Erfurt is a jewel-box of a city. Nestled along the banks of the Gera River in the heart of Germany, Erfurt boasts a beautifully preserved medieval center, replete with the storybook spires of a fortress and cathedrals. The Krämerbrücke, or Merchant’s Bridge, is lined with lovely half-timbered houses — which are still in use as cafés and apartments, much as they were centuries ago. In terms of history, Erfurt has strong associations with Martin Luther, the father of the Reformation, who studied and became a monk at the city’s Augustinian Monastery.
All this, as they say, would be enough. But Erfurt has a rich Jewish history as well. The more recent part of the story begins with a fascinating discovery — or rediscovery. In 1998, archeologists were excavating the cellar of a house on Michaelisstrasse, a charming medieval street in the city center. The archeologists were astonished to find, beneath a basement wall, a proverbial buried treasure — some 28 kilograms, or 60 pounds of gold and silver that lay hidden for 650 years.
The Erfurt Treasure, as it would be known, is comprised of 3000 silver coins, fourteen silver ingots, and some 700 works of goldsmithing, such as belt buckles and brooches. Perhaps the most spectacular piece is a gold ring adorned with a miniature Gothic tower and engraved with the Hebrew letters for mazel tov — meaning “good luck,” or in this case, “congratulations.” Scholars believe that it is a Jewish wedding ring, the tower a representation of the Temple in Jerusalem.
In its former life, Erfurt was located on the Via Regia, a crucial trading route through the Holy Roman Empire. This explains why Erfurt was a wealthy city in the Middle Ages, and why it had a significant Jewish population. Michaelisstrasse, where the treasure was found, is right smack in the middle of Erfurt’s former Jewish quarter. Researchers believe that the treasure likely belonged to one Kalman von Wiehe, a merchant who lived in Erfurt in the mid-14th century.
Erfurt’s Old Synagogue, where the treasure is now displayed, has a similar story of re-discovery. The synagogue is old indeed, with parts of the structure dating from the 11th century. But over the centuries, as the local Jewish population declined, the building was used as a storehouse, an armory, and even a dance hall. Few people remembered that it had been a synagogue, so the building escaped destruction in World War II.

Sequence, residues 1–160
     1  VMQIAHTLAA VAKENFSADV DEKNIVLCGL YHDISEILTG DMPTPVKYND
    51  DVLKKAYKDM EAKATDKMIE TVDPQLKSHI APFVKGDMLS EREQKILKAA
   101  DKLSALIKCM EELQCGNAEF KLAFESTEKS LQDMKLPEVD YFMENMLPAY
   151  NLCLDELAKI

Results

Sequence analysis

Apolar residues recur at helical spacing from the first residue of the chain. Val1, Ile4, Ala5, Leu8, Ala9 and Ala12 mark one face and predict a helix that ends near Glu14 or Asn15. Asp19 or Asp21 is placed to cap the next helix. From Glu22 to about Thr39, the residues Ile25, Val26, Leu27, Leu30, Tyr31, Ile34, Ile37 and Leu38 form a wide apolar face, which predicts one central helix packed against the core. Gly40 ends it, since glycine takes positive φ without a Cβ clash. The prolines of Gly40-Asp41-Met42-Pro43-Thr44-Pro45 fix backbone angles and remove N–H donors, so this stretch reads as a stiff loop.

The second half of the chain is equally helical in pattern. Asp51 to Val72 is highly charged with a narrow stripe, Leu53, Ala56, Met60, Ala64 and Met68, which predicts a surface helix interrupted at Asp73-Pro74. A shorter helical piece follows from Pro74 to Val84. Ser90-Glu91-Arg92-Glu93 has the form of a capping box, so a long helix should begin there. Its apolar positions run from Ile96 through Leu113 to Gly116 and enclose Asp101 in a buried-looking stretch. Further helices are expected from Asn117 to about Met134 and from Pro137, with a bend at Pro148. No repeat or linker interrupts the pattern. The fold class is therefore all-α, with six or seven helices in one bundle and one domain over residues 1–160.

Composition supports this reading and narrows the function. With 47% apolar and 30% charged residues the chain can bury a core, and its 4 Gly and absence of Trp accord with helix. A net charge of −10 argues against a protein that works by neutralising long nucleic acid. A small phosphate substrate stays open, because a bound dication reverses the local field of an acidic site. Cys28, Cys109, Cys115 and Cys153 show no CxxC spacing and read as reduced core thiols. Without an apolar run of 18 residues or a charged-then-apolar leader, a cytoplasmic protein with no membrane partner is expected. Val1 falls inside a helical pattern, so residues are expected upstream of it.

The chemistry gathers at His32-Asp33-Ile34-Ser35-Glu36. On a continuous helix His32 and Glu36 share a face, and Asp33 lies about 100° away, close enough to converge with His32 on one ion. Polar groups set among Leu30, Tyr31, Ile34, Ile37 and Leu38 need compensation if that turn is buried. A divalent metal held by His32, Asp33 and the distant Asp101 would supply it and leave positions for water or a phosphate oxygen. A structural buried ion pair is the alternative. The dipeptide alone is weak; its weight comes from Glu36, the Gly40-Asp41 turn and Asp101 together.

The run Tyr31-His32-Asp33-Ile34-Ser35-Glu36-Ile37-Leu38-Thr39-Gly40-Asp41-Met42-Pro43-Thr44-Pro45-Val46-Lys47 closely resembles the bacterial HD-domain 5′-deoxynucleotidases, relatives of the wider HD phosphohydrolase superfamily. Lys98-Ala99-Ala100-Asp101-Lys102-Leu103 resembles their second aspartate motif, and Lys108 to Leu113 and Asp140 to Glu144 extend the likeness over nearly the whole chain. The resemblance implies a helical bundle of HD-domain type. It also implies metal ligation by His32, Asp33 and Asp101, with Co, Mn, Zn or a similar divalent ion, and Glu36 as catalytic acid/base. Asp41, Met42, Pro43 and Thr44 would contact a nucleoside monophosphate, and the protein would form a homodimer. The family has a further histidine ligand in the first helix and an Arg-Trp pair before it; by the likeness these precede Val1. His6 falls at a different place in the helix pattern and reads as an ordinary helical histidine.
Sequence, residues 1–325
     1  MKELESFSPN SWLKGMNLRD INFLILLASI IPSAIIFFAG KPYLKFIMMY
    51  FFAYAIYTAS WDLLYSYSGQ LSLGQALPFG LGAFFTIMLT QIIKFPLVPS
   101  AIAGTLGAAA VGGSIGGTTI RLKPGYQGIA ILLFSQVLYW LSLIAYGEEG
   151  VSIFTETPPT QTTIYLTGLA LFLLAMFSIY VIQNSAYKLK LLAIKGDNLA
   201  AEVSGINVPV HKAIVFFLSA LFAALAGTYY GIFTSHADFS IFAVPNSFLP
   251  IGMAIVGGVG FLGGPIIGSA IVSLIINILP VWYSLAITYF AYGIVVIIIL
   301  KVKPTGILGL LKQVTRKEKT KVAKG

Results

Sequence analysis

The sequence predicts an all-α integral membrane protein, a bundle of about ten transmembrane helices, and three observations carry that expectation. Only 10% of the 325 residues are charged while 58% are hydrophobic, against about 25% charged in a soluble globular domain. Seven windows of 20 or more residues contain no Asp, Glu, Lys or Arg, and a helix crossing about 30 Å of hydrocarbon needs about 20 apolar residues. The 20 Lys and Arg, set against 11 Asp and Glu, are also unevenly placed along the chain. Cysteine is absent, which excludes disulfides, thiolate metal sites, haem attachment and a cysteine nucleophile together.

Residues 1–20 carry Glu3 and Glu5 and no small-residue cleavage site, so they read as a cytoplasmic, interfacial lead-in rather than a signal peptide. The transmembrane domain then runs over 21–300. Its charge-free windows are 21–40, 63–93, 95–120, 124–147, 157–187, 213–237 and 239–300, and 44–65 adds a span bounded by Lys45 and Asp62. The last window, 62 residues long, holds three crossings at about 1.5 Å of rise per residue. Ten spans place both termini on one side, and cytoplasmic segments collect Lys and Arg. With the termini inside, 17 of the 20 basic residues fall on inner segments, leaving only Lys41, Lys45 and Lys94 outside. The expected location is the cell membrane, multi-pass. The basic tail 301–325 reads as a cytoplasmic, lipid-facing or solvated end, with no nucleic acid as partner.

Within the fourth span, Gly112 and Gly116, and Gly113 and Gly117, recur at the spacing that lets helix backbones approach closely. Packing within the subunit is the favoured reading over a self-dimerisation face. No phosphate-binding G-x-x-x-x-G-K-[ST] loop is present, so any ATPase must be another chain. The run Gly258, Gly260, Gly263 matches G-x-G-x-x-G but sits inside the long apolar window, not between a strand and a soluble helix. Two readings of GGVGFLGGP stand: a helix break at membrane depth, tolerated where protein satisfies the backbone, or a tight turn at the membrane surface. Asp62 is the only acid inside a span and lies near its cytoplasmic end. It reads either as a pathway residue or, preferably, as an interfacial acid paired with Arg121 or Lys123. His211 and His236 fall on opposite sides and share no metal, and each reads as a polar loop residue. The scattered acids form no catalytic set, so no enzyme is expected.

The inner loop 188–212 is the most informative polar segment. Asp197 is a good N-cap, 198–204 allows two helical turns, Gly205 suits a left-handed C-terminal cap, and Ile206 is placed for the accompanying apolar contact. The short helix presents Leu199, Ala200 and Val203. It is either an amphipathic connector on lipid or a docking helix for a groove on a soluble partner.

The 1990 German reunification brought with it a renewed interest in Germany’s Jewish history, the Old Synagogue included. After painstaking restoration, the building was reopened in 2009 as a beguiling museum. Today, the Old Synagogue is literally one of the most important and best-preserved examples of Jewish architecture in Europe.
With its slim Gothic windows and elegant rosette, the building is a moving reminder of the simplicity of many medieval synagogues. Inside, the exhibitions evoke the variety and richness of Jewish life in Central Europe. The Erfurt Treasure now occupies the Old Synagogue’s lower floor. It’s a surprisingly poignant display of Jewish life, the ingots and coins sharing space with gleaming Kiddush cups. The ground floor focuses on the fascinating construction and architecture of the synagogue itself. The upper floor boasts a display of rare and precious Hebrew manuscripts including Torah scrolls, a medieval prayer book, and the oldest extant copy of the Tosefta in Europe.
The Old Synagogue evokes the lives of medieval Jews in marvelous detail. Visitors are treated to an unforgettable lesson in Jewish life and worship, as well as a deeper understanding of the inextricable links between Jews and Christians in this part of Europe.
It’s important to note that the Old Synagogue is not the only Jewish site in Erfurt. Archaeologists have also excavated a nearby 13th century mikveh, or ritual bathhouse, which can be visited. The Erfurt Synagogue and Jewish Community Center, also known as the New Synagogue, attests to the rebirth of a Jewish presence in the city; kosher meals are available.
The tragic history of Jews in Germany is well known. What’s less well known is that Erfurt is a prime example of how Germany is working to preserve and honor the long history of German Jewry. The Jewish sites of Erfurt, along with its many streets of uncommon charm and beauty, make this jewel box of a city well worth a visit.
For more information visit Germany For The Jewish Traveler.